"Beyond the Horizon" with Dublin Durller-Wilson

March 12, 2020
written by Elizabeth Spadea
for Ellenbogen Gallery, Manchester, VT


Mirage by Dublin Durller-Wilson; Acrylic, House Paint, on Canvas (2016), (w) 24 in. x (h) 36 in.

Challenging the narratives of many abstract painters, Vermont-based artist Dublin Durller-Wilson exposes the horizon line directly on her canvases, leaving the audience with not much else. Looking at the work of her contemporaries, one of the first critical points to mention is the lack of a horizon line. By abandoning any reference to our known physical space, artists attempt to transport their viewers into a completely different dimension with unrecognizable ideas of space. Therefore, leaving the works to be defined by color choice and the compositional arrangement of gestural marks. For Durller-Wilson, the work is defined by her direct application of a horizontal line running through the canvas. This lateral mark directs the flow of energy within the entire piece.

While the world around us is in chaos, Durller-Wilson’s work demands a moment of calm. Peaceful and serene, she allows her viewers to enter into the space she has painted for herself as a moment to step out of the storm. Actively avoiding an engagement with politically or socially driven content, Durller-Wilson opens up her emotional depths to come alive on the canvas. Away from the noise of social media and the screens which fill our homes, Durller-Wilson has created an artistic safe space, for those who are in need of comfort.


Spring Rain by Dublin Durller-Wilson; Acrylic, House Paint, on Canvas (2017), (w) 36 in. x (h) 48 in.

For many of the works in her Horizon Series, Durller-Wilson selects a color or a color palette to become the subject. As most color congregates towards the center of balance in the works, which is not always the center of the canvas itself, we are asked to immerse ourselves in the immediate stillness which surrounds the line. Grounded by this linear stroke, the drips of paint ooze from the line in an often-upwards direction, challenging everything we understand about space and gravity.

By playing with the exact latitude of the line on the canvas, Durller-Wilson comments on the variation we experience during everyday life. Moods rise and fall, opportunities come and go, this is all reflected within our own horizon lines, our own center of balance. As Durller-Wilson explains, we are always thrown into the deep end of something or thrown out into the wind in any given circumstance throughout our days, weeks and years. Often seeking something to hold on to, we look for the bottom, or the surface, we long for the knowledge of what surrounds us, and we are eager to find safety.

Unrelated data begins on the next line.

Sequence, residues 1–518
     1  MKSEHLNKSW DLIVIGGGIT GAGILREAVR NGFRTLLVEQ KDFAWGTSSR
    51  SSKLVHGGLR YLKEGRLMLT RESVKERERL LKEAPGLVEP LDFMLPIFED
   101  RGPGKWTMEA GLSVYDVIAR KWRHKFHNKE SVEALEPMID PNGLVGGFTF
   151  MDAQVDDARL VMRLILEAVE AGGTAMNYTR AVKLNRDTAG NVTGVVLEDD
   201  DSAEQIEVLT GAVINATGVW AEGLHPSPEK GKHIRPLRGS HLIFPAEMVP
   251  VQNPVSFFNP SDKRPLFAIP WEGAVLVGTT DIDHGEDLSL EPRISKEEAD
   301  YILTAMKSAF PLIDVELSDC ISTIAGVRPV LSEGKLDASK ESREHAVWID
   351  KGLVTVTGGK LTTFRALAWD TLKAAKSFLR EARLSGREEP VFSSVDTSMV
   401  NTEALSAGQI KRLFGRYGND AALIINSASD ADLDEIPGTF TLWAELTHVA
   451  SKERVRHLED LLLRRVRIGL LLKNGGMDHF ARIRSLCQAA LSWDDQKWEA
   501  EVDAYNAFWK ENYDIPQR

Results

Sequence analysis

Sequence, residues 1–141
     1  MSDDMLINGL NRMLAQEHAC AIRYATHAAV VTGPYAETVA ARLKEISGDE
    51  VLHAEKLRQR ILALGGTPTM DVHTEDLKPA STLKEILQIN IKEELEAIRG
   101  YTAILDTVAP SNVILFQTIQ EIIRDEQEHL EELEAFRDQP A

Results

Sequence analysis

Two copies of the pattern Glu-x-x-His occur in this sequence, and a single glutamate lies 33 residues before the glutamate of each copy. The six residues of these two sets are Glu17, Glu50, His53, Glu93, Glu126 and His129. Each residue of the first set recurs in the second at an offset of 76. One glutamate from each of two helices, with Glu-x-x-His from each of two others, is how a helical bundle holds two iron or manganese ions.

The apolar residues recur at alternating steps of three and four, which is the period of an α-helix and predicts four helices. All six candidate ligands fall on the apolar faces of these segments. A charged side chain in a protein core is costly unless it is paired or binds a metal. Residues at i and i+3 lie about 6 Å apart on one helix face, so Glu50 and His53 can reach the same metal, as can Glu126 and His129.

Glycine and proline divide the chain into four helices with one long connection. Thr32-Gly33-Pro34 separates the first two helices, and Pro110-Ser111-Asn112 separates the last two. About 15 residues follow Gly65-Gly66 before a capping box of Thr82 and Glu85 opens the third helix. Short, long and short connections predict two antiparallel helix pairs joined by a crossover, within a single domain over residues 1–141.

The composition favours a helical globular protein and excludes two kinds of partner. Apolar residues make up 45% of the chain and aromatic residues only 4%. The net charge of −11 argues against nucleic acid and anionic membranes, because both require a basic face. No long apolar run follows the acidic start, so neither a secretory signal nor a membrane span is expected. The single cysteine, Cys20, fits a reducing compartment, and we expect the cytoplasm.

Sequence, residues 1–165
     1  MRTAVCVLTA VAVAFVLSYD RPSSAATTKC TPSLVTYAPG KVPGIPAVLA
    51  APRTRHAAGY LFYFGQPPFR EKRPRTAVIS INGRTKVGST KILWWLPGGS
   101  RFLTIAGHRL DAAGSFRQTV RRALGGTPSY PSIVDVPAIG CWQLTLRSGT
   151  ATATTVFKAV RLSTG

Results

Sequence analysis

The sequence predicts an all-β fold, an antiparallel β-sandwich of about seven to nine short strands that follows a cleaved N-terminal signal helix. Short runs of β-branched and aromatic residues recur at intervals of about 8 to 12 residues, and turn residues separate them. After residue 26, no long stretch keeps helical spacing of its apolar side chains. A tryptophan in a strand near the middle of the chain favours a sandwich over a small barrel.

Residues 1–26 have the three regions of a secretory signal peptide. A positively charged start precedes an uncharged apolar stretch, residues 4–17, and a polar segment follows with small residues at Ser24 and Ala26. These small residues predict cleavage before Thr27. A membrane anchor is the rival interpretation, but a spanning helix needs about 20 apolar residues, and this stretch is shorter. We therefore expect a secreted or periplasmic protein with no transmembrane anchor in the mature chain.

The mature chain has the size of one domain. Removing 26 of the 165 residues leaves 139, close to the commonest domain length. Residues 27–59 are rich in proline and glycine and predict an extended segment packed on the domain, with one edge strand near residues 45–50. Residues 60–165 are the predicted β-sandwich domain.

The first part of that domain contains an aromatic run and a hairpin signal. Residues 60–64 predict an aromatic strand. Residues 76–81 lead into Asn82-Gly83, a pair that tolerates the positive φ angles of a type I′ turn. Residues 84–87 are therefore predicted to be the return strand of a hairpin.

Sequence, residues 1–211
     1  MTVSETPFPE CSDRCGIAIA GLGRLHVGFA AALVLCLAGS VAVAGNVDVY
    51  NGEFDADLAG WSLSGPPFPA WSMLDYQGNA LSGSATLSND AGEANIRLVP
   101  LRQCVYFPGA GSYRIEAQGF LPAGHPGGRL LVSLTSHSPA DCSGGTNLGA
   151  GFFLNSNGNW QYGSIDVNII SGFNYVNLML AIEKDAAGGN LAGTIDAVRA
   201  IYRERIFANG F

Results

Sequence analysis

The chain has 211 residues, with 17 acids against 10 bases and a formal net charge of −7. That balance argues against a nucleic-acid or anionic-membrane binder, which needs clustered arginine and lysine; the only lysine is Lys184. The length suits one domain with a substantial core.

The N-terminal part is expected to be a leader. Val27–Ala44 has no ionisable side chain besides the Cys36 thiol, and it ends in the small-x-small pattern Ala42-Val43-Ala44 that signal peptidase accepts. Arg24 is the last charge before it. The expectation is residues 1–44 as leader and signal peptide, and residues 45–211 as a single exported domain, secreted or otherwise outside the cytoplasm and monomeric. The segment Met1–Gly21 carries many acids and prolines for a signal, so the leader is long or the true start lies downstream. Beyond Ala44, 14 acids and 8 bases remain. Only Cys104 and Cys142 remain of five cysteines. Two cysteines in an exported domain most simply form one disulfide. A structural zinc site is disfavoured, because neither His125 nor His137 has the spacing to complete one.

Despite the simplicity of her canvases, complexity surrounds the minimalist lines of Dublin Durller-Wilson. Working with a spare structure, she has become a champion of streamlining emotion. A snapshot, a small piece of the untouched world of Durller-Wilson is revealed to us. We must assume more exists beyond what we can see; above, below, in-front-of, etc. Once we begin to consider her works as part of three-dimensional space, the seemingly simple horizontal lines become increasingly more powerful. Conversations then turn to the question: how does what we cannot see affect what we can see? Relative space, extending beyond the edge of the physical confines come into play, adding depth, breadth and also mystery.


Mark Rothko, Untitled (Red on Red), 1969

 

Saturated and linear, it would be hard not to compare Durller-Wilson’s work to that of mid-century abstract artist Mark Rothko. Minimalistic marks and a strong use of color define his work. “Primal, pre-verbal communication” is explored within his art, as described by his son, published in a series of essays around his late-father’s work. This categorization of works also trespasses onto those of Durller-Wilson. Using non-verbal cues through paint strokes, a conversation with the audience occurs. Simplified yet conclusive Durller-Wilson engages with her audience.

Despite her uniquely modern lines, I would consider Dublin Durller-Wilson an abstract landscape artist. She constructs alternative landscape scenarios within her canvases for us to imagine. She is vague yet informative and sets the tone of each painting through her hues of bold colors. She introduces her viewers into her desolate world of obscure minimalism and gives no more than a few clues for us to piece together the remainder of the canvas.

2020


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